Mr. Hussein, he said, was "talkative" in the clinic, but General Sanchez chose to say nothing. "I'm not sure he even knew who I was, since I had my flak jacket on, and that covered my name," the general said. "I felt that it was inappropriate for me as the senior officer in the country to engage in a discussion."
Meeting G.I.'s and Iraqis
As the sun went down in Abu Saida, General Sanchez set off for a walk. The town lies on the eastern edge of the Sunni Triangle, which runs north and west of Baghdad and is the center for 90 percent of all attacks on American troops. But unlike most settlements nearby, Abu Saida has a large Shiite Muslim majority. Captain Overland, briefing General Sanchez, said most of the insurgents who had attacked American forces in the town were Sunni Muslim groups infiltrating from the south.
Outside the American headquarters, the general clambered on a tank to chat with crewmen who, like others in the American garrison at Abu Saida, have been retrained as infantrymen for patrols and firefights. As he talked with the crewmen, one, Specialist Hector Quijada, 20, from the Bronx, stepped forward and spoke in Spanish. The two, the general and the specialist, then spoke quietly for several minutes.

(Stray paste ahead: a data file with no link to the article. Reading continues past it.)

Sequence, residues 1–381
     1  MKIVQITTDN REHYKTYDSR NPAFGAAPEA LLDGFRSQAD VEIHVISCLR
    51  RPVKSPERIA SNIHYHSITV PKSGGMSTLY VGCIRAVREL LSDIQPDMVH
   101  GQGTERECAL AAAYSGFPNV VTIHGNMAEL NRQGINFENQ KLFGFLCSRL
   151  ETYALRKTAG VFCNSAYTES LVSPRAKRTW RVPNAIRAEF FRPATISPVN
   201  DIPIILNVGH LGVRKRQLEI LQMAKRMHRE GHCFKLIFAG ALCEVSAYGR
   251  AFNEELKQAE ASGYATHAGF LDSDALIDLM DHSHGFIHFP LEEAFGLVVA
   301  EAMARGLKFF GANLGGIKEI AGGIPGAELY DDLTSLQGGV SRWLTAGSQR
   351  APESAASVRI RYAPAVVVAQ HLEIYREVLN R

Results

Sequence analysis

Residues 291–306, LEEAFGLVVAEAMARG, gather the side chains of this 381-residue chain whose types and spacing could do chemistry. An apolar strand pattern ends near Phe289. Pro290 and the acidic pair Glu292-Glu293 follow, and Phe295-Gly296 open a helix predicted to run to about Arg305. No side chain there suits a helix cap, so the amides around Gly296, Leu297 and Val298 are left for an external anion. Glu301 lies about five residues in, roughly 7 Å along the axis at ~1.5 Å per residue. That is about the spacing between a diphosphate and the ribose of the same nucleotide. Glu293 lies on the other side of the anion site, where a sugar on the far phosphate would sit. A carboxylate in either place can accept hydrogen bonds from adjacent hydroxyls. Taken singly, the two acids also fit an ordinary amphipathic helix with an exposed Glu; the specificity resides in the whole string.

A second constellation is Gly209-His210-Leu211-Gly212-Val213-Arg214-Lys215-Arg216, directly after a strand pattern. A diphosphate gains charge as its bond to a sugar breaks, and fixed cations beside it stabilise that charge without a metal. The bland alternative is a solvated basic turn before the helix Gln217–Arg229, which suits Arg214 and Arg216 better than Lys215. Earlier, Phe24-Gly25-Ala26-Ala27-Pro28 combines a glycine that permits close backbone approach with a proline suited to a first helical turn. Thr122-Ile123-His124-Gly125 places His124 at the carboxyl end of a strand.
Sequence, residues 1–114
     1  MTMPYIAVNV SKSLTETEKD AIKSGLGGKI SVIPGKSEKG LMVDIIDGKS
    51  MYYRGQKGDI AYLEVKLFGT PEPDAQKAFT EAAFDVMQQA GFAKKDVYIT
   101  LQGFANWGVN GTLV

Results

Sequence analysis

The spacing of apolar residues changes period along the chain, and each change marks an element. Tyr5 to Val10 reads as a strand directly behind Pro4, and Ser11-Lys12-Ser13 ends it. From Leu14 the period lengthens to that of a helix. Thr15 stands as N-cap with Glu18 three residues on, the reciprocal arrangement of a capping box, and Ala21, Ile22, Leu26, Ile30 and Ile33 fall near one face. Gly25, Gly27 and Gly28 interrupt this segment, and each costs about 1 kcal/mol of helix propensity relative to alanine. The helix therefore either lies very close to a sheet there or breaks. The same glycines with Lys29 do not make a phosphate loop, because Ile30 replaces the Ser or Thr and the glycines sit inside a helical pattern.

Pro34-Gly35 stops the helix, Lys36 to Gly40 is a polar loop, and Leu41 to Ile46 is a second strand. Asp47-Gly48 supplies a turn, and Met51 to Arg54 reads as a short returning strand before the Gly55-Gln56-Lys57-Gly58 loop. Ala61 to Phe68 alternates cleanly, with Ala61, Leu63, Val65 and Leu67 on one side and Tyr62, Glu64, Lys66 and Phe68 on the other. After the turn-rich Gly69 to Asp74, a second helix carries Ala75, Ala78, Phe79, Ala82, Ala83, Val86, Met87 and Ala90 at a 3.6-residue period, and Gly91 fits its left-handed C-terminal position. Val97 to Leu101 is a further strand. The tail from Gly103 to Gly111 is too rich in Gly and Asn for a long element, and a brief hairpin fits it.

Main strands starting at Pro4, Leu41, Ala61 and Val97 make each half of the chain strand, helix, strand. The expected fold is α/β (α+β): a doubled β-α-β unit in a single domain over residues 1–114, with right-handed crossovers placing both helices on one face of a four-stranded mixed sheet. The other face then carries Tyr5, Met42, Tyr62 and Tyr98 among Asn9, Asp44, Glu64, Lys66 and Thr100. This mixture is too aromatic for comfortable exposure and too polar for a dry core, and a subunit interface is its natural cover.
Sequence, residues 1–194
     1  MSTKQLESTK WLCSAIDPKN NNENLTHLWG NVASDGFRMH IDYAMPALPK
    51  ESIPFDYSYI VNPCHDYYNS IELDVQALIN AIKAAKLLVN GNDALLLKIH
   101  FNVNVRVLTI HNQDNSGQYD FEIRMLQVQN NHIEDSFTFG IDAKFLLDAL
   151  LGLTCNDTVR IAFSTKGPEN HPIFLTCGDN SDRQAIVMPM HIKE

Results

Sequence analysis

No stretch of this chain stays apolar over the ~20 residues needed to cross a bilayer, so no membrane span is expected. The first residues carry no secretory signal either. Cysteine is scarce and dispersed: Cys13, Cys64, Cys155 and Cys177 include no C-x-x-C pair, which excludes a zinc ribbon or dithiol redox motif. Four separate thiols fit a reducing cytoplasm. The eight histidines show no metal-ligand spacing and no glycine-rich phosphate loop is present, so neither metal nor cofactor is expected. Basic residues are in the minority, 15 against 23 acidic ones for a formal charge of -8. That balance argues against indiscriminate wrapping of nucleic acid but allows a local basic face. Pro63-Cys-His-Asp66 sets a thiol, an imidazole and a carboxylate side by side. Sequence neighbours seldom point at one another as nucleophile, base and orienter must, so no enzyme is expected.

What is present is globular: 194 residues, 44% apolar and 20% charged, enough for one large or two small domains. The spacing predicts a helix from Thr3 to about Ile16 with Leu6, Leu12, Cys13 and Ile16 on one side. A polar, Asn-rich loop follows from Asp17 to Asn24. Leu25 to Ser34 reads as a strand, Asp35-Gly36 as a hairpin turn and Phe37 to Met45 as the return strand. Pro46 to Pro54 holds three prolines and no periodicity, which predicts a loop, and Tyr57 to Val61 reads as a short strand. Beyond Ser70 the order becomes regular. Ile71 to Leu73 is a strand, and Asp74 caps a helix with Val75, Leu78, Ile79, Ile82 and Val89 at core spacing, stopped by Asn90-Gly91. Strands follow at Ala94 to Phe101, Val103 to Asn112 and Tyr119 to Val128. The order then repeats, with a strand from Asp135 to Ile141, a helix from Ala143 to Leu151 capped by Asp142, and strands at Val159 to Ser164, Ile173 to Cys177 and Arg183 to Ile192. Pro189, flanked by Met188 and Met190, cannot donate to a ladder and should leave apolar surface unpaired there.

Afterward, Specialist Quijada said he and his family migrated to the United States four years ago, settling in New York, where his father worked in a plastics factory. What he wanted the general to know, he said, was that he was a hero among Mexican-Americans and among the specialist's friends in his hometown of Cancún. "I told him that the people of Mexico always talk about General Sanchez — everybody gets excited about him," he said.
With the muezzin at a nearby mosque calling the faithful to evening prayers, General Sanchez began his tour of the town, setting out past kebab stands, generator repair shops and bazaar stalls piled high with oranges and lentils and spring onions. People in the street watched uneasily, uncertain who the visitor was. A few applauded. "America good!" they said.
At the end of the main street, a man in a black cloak and a kaffiyeh, the red checked headdress favored by many men in the Iraqi countryside, stepped forward speaking a pidgin English. "Mister!" he said. "I want talk to you, mister!" The man was Muhammad Hussein, a 60-year-old retired headmaster, and he launched into a litany of Abu Saida's expectations of America: more money for schools, the repair of roads torn up by tanks, an improvement in his own pension of a penny a month.
Then Mr. Hussein paused, in the gathering darkness, and asked courteously who the visitor was. "We don't know you, sir," he said.
"My name is General Sanchez, and I have come to Abu Saida to say hello," the general replied. Mr. Hussein seemed momentarily taken aback, then pressed ahead. "Then you take me to Baghdad, I talk to you in Baghdad, I want to speak only to you, we settle problems of Iraq," Mr. Hussein said.
General Sanchez, anxious American bodyguards urging him to move on, replied with a rolling laugh. "I'm not sure I could take you in my helicopter; that's against regulations," he said. Mr. Hussein, smiling broadly, shook the general's hand, and the American party moved on.